Stephen Tual has just released an all-in-one blogging solution named Terapad. It claims to include a variety of features not typically found in your usual blogging solution, such as a gallery, forums, pay-pal store, RSS feeder, analytics program and much more. The solution is offered at $18/ month with a one-month free trial offer. Terapad is remotely hosted as well at this time.
Mr. Tual’s efforts are ambitious to say the least. The competition is not insignificant: remotely hosted blogging solutions include Blogger, which is owned by that other company you have heard of, Google. WordPress has recently entered the fray with its solution at WordPress.com. Did I mention both are free?
The problem is not how it works, because it does.
The problem I have with Terapad is a strategic and marketing one.
Terapad is marketed, if the sales copy is to be believed, at those people who are looking for a blogging solution, but dream of taking on Hackaday or Engadget. Well, certainly some of it is tongue-in-cheek; but the way its read makes me believe that it is marketed to people who a) read blogs b) are interested in creating their own blog and are therefore c) somewhat technically savvy.
The problem is that technically savvy people are individuals who want the greatest amount of flexibility in their solutions. They are the individuals who who don’t mind hosting their own solution; if anything goes wrong they can try and diagnose the problems because everything is happening in a space they control.
They are individuals who want to be able to have the option of being to extend or change the underlying code. One reason is to better enable their solution conform to what they want their blog to be.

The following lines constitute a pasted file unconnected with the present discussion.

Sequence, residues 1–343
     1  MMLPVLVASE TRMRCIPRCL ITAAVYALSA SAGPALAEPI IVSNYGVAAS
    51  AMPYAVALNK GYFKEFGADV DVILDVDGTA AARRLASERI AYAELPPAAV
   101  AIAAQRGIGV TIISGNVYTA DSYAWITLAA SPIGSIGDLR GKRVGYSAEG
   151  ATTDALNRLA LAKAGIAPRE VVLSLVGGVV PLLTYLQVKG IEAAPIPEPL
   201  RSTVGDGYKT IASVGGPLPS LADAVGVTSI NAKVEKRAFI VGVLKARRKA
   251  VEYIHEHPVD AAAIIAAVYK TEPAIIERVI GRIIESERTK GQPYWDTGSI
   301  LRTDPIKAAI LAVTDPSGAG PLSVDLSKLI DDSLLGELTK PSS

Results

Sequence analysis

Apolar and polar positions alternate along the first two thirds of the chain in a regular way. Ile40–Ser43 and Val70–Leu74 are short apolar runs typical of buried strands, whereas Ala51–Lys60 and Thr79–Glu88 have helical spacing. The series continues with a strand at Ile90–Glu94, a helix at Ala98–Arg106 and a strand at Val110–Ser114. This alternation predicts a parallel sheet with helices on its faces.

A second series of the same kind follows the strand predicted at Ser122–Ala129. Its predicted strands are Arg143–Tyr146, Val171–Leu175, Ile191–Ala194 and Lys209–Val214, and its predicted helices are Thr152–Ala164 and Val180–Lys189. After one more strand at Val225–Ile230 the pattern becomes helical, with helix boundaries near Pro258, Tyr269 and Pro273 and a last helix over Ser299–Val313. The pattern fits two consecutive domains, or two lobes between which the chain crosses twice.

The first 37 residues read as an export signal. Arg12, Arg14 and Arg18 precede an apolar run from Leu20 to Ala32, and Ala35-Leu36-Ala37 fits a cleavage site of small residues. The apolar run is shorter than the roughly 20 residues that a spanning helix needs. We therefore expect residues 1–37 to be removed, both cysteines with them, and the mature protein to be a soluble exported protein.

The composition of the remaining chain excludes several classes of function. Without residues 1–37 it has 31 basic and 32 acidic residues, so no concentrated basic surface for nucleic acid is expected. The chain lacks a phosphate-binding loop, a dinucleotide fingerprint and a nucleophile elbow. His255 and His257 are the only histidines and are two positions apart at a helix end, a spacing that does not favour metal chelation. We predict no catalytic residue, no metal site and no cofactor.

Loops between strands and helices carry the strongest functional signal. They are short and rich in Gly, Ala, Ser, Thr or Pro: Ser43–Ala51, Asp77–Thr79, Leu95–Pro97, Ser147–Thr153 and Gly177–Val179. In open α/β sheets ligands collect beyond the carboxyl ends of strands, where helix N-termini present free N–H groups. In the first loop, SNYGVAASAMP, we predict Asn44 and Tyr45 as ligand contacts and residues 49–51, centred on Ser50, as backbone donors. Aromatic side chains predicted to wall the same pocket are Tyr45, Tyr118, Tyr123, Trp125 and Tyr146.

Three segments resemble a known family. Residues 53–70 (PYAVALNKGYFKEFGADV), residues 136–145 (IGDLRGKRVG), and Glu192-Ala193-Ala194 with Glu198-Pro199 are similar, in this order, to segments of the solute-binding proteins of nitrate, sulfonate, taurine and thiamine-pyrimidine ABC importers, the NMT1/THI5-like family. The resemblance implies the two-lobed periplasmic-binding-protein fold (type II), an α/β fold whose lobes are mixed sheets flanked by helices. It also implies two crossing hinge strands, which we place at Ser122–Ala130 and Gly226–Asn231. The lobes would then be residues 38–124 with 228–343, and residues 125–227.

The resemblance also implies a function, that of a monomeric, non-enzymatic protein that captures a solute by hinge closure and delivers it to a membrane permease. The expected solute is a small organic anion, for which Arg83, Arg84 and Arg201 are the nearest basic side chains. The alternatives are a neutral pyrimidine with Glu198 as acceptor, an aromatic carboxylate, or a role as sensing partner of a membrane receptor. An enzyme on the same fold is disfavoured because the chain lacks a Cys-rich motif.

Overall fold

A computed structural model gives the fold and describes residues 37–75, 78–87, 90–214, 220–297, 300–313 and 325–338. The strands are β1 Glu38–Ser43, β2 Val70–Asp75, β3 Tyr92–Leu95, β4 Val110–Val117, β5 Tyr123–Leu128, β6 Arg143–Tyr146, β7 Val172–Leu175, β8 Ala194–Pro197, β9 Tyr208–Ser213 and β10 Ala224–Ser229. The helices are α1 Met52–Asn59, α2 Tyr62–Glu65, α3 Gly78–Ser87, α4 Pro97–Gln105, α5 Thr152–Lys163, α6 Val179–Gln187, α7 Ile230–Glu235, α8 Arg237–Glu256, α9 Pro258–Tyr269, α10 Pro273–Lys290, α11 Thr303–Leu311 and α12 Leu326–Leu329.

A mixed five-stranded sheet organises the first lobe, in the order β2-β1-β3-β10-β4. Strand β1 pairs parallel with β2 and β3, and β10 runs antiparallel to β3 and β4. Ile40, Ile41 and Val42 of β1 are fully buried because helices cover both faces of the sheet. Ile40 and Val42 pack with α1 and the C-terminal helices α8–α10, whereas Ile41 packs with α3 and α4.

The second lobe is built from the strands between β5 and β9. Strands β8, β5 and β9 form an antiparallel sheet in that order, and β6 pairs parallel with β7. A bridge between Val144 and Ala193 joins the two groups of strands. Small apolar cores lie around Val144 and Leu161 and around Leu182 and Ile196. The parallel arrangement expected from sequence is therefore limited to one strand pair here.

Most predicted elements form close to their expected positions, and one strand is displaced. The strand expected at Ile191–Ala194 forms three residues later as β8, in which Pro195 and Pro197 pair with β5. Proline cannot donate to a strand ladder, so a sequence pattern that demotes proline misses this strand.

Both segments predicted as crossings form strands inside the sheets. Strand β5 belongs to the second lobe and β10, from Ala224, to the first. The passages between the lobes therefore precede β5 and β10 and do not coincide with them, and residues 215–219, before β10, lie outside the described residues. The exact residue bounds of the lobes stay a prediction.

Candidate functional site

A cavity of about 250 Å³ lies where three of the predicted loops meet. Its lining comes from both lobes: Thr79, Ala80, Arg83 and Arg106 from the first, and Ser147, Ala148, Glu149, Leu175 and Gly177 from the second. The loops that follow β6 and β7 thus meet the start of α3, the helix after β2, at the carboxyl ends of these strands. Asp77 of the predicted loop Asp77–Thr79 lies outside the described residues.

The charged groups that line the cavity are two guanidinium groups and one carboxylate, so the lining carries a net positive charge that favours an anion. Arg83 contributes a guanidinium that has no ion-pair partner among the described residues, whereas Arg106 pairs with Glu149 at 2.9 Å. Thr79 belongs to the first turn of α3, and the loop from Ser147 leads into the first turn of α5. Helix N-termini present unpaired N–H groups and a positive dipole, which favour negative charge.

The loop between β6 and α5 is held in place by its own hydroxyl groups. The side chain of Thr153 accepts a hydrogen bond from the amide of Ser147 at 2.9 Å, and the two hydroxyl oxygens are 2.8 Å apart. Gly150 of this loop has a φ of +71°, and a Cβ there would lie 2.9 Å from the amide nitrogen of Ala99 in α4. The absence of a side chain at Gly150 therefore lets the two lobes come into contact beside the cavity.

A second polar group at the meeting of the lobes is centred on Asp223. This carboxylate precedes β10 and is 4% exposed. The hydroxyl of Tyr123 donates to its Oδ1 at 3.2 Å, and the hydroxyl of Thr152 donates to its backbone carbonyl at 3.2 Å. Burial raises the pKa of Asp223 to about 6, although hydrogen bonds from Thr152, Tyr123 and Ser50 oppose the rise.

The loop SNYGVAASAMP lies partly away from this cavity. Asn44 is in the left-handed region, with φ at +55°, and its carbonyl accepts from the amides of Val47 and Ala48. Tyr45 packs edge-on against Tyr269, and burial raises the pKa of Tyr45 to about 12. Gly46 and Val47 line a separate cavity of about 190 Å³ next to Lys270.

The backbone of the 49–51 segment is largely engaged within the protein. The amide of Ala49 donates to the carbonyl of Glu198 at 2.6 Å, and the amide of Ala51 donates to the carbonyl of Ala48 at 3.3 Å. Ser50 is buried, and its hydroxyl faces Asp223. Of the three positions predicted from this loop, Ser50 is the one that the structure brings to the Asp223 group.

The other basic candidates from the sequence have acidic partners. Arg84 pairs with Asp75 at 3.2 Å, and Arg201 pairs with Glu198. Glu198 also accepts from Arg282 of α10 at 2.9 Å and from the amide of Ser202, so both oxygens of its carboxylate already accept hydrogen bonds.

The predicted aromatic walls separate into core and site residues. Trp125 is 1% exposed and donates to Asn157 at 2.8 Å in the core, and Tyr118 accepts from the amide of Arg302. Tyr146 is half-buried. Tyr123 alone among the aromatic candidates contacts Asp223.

Similarly, they’ll be the ones embracing the almost infinite variety of extensibility in the form of plugins, modules and extra bits of code that represent “features” on Terapad. WordPress, in particular, has its own ecosystem of open-source development that represents everything from extra themes (there are six which come with Terapad) to all manner of plugins that can fundamentally alter wordpress in many ways. The freedom to choose amongst these solutions is liberating. But the ability to edit, hack, and otherwise change these solutions is critical for anyone who wants the most control of their blog.
And is it worth the $18/ month? Clearly Terapad is marketing itself on convenience, but is it so convenient you’re willing to overlook how most hosting solutions (when you’re starting out) will probably cost 5-10/month (including a domain name), with the majority of blogging software being free — in addition to the extensions?
So, at the end of the day, there’s no question Mr. Tual has put a lot of effort into Terapad. It looks slick. It works. But is that enough?
To optimize his chances, I think that he’s currently marketing it to the wrong crowd. The problem, of course, is that if he does market to the technically naive — or just-savvy enough, the landscape is already crowded with some heavy weight competition; granted, they might not have the features that Terapad has, but on the other hand, it is tough to compete with a brand name and the price of “free”.
Having said that, one wonders if Terapad remains in its current form or evolves into another kind of animal altogether.
Well, time will tell … or the market will.
Tony Hung is a blogger over at DeepJiveInterests